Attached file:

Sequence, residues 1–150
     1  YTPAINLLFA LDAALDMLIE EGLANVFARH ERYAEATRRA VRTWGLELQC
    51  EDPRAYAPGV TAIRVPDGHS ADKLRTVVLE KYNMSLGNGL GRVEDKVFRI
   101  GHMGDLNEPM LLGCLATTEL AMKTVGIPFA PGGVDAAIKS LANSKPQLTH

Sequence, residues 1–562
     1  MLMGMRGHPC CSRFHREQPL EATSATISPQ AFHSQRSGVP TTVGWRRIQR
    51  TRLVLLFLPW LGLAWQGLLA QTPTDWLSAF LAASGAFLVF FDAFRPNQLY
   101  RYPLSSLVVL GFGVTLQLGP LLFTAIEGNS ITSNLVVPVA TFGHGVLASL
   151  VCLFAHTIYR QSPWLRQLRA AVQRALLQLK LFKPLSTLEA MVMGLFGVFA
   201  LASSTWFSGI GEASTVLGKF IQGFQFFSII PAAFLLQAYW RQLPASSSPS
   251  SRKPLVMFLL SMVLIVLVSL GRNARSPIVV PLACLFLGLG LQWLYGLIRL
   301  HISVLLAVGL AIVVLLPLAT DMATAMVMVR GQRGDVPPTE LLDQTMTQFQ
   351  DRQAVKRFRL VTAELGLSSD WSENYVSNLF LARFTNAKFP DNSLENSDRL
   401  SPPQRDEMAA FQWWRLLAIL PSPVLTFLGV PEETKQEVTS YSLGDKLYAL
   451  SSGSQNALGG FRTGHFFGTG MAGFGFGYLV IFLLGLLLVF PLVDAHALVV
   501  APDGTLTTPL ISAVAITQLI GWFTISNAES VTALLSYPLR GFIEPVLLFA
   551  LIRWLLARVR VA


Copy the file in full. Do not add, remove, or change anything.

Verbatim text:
Sequence, residues 1–150
     1  YTPAINLLFA LDAALDMLIE EGLANVFARH ERYAEATRRA VRTWGLELQC
    51  EDPRAYAPGV TAIRVPDGHS ADKLRTVVLE KYNMSLGNGL GRVEDKVFRI
   101  GHMGDLNEPM LLGCLATTEL AMKTVGIPFA PGGVDAAIKS LANSKPQLTH

Sequence, residues 1–562
     1  MLMGMRGHPC CSRFHREQPL EATSATISPQ AFHSQRSGVP TTVGWRRIQR
    51  TRLVLLFLPW LGLAWQGLLA QTPTDWLSAF LAASGAFLVF FDAFRPNQLY
   101  RYPLSSLVVL GFGVTLQLGP LLFTAIEGNS ITSNLVVPVA TFGHGVLASL
   151  VCLFAHTIYR QSPWLRQLRA AVQRALLQLK LFKPLSTLEA MVMGLFGVFA
   201  LASSTWFSGI GEASTVLGKF IQGFQFFSII PAAFLLQAYW RQLPASSSPS
   251  SRKPLVMFLL SMVLIVLVSL GRNARSPIVV PLACLFLGLG LQWLYGLIRL
   301  HISVLLAVGL AIVVLLPLAT DMATAMVMVR GQRGDVPPTE LLDQTMTQFQ
   351  DRQAVKRFRL VTAELGLSSD WSENYVSNLF LARFTNAKFP DNSLENSDRL
   401  SPPQRDEMAA FQWWRLLAIL PSPVLTFLGV PEETKQEVTS YSLGDKLYAL
   451  SSGSQNALGG FRTGHFFGTG MAGFGFGYLV IFLLGLLLVF PLVDAHALVV
   501  APDGTLTTPL ISAVAITQLI GWFTISNAES VTALLSYPLR GFIEPVLLFA
   551  LIRWLLARVR VA